After weeks of speculation, Anil Gaur, Oracle Group Vice President with responsibility for Java EE and WebLogic Server, has unveiled Oracle’s proposed roadmap for Java EE today at JavaOne. The plan involves releasing Java EE 8 by the end of 2017 with basic microservice and cloud capabilities, and then releasing Java EE 9 one year later with further features.
Anil Gaur, Oracle Group Vice President with responsibility for Java EE and WebLogic Server, was invited to speak at the last JCP Executive Committee meeting to shed some light on the future of Java EE. The core of his message was that enterprise programming is changing, and that Oracle wants to adapt to it. However, questions from the EC members indicated that the plan is still unclear.
In a recent interview, Thomas Kurian, president of product development at Oracle, announced a set of improvements for Java EE 8. The move is believed to be designed to appease recent critics (like those coming from the Java EE Guardians) and divergent efforts (like the MicroProfile). Although the information at the moment is scarce, further details are to be unveiled at JavaOne 2016.
There is a lot of concern of late surrounding Oracle’s commitment to Java EE. InfoQ broke the news last month in an article about the Java EE Guardians. Spring Data project lead Oliver Gierke at Pivotal expressed his thoughts on the potential impact to the Java community.
Atlassian, makers of development tools such as JIRA and Confluence, have just released version 5.11 of their continuous delivery tool Bamboo with a host of new features to help teams scale and collaborate. The key feature in this new release is the ability to scale from 100 to 250 elastic build agents.
In a recent blog post Henn Idan raised an issue that using Oracle Java in containers could be violating the Oracle licensing agreements. Is this an issue, or is it something that developers should be concerned about? InfoQ investigates.
Hazelcast has released version 3.6 of their flagship in-memory grid and caching software, featuring numerous performance improvements and new cloud management and container deployment options.
Hacker News has reported on an Android source code commit that suggests that Google’s mobile operating system is switching the implementation of their Java libraries from the original Harmony-based one to OpenJDK. The move has been confirmed by Google to VentureBeat.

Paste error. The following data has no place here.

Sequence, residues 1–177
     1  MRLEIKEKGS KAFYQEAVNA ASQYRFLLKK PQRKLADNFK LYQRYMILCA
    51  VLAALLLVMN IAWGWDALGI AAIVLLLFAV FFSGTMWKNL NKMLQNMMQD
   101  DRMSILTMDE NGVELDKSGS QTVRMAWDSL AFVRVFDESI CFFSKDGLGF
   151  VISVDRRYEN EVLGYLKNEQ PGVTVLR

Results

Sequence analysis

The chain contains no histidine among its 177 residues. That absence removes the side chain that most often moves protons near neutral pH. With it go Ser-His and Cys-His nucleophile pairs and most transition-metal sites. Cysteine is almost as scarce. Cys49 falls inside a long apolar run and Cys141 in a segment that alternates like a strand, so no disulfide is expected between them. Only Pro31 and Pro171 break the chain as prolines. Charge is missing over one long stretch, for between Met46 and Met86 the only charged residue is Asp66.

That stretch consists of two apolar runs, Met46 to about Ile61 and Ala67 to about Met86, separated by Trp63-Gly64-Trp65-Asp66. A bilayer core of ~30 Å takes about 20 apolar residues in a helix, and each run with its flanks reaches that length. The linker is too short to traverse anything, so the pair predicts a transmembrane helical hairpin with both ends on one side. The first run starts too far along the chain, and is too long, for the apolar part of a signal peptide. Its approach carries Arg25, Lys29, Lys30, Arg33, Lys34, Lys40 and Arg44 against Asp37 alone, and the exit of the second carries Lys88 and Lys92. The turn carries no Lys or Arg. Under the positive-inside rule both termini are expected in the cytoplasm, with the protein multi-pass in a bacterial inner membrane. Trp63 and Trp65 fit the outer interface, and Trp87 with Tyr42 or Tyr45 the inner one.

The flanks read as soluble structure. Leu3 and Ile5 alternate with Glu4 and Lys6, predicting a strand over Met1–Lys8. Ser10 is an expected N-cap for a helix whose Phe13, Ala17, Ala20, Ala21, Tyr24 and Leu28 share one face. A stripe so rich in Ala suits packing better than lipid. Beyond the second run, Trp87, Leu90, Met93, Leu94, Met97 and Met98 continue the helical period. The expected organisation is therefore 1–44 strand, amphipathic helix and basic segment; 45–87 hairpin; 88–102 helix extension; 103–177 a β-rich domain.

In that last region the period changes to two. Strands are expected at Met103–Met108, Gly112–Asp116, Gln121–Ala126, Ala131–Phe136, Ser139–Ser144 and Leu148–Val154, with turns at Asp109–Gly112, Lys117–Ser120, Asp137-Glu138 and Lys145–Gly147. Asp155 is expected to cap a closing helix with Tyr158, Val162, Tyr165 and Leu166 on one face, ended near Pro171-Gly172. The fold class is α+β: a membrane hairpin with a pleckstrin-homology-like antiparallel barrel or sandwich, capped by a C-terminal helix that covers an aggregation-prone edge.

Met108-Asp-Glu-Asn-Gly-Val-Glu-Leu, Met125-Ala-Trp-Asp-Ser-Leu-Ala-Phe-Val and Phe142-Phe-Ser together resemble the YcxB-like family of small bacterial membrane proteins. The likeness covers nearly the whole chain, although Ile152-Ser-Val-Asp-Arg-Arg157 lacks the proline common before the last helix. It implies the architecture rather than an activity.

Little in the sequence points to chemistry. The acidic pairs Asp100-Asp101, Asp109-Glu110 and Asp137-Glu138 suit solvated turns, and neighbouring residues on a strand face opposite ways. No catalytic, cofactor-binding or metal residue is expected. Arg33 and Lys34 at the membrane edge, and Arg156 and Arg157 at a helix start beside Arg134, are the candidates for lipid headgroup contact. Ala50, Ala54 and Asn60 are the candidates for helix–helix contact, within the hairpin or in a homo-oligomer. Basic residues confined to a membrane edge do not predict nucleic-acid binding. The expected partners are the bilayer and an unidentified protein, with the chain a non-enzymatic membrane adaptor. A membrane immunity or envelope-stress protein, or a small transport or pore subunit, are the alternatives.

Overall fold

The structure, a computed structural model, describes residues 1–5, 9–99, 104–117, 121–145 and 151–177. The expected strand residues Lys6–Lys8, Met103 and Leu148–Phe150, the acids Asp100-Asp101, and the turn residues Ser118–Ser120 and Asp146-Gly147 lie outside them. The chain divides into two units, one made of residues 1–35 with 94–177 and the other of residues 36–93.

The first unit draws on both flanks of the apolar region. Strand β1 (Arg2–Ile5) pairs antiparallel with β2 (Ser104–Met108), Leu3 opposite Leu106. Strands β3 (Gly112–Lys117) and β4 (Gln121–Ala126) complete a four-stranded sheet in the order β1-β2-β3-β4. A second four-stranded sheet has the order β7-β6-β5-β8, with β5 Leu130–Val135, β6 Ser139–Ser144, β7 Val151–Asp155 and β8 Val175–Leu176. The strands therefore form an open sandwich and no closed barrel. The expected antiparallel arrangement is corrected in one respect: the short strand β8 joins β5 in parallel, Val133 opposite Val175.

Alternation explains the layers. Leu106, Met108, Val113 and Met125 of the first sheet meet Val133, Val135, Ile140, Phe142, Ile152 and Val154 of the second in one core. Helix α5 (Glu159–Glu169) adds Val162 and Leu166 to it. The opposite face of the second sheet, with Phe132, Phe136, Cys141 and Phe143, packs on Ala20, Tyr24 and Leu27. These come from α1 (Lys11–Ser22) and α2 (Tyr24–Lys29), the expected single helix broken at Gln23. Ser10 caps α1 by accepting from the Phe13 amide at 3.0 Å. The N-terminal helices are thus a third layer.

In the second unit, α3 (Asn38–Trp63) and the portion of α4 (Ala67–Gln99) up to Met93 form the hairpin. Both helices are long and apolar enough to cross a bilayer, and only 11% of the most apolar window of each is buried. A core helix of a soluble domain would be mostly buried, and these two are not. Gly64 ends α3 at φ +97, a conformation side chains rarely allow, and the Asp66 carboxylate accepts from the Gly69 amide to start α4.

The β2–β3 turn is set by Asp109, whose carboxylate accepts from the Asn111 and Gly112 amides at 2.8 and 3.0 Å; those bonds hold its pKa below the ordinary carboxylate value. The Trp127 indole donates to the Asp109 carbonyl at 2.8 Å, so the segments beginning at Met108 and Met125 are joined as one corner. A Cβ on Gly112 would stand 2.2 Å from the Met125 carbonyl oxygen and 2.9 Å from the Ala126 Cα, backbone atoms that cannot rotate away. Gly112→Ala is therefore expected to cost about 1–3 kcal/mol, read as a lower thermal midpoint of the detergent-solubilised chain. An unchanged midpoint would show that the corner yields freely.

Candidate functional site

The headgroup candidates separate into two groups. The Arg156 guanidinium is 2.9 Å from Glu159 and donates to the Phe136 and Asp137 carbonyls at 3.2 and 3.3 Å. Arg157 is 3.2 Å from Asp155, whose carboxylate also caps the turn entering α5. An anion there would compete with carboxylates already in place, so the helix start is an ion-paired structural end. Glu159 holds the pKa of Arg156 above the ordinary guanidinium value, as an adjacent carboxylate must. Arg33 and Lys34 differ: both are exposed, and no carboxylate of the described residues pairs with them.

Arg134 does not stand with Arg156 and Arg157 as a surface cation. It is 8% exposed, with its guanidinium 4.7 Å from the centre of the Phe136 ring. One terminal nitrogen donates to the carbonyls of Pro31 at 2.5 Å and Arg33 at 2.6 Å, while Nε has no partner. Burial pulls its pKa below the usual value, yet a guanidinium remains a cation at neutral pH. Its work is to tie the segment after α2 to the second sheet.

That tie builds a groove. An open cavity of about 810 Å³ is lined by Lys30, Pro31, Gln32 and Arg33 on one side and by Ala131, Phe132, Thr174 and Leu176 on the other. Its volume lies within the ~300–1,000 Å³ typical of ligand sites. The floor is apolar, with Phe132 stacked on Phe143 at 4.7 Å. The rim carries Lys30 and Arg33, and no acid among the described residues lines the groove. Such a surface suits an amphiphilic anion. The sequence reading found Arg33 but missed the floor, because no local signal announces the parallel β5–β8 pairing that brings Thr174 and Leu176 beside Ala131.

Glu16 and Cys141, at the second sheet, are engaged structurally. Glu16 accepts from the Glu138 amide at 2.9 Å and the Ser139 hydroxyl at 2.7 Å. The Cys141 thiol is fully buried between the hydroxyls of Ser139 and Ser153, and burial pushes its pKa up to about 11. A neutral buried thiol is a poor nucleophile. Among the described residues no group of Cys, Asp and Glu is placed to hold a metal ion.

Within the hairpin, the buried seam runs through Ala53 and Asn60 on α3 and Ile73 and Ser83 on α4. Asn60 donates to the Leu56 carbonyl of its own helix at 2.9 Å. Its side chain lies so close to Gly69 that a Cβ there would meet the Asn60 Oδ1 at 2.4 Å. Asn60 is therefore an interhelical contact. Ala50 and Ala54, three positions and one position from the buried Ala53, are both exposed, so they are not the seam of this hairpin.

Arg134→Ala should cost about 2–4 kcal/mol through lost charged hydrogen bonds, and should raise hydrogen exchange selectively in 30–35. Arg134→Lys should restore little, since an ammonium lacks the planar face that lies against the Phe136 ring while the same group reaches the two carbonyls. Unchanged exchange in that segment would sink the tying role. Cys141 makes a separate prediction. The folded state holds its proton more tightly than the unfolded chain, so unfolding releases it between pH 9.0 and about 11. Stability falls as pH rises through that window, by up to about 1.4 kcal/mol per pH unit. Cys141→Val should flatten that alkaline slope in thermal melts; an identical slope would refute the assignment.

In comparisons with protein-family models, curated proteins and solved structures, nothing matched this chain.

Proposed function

According to a recent security analysis by Foxglove Security suggests that applications using deserialization may be vulnerable to a zero-day exploit. This includes libraries including OpenJDK, Apache Commons, Spring and Groovy. InfoQ investigates.
Oracle have announced 154 new security vulnerabilities in its latest Critical Patch Update -- but says there is no indication that any of the most severe vulnerabilities have been successfully exploited “in the wild.”
Oracle shocked the Java world this week by announcing the dismissal of some of their top Java evangelists including Cameron Purdy and Simon Ritter.
Oracle is considering including JEP 248, making G1 the default garbage collector on server configurations, into the list of JEPs targeting Java 9. The decision has triggered some debate among the Java community, with many arguing that the CMS collector could have been more suitable.
Twenty years ago today, Java's first alpha release was unleashed upon the world on Solaris. InfoQ looks back at the history of Java and what it has conquered since.
Slick, Typesafe's database query and access library for Scala, now supports the Reactive Streams API in the just released version 3.0. This enables developers to query their databases asynchronously and non-blocking. InfoQ talked to Slich Tech-Lead Stefan Zeiger to learn more about the new features and what they've planned for the future.
Oracle has ceased public availability of security fixes and upgrades for Java 7, urging users to migrate to Java 8 or to purchase commercial long-term support for Java 7.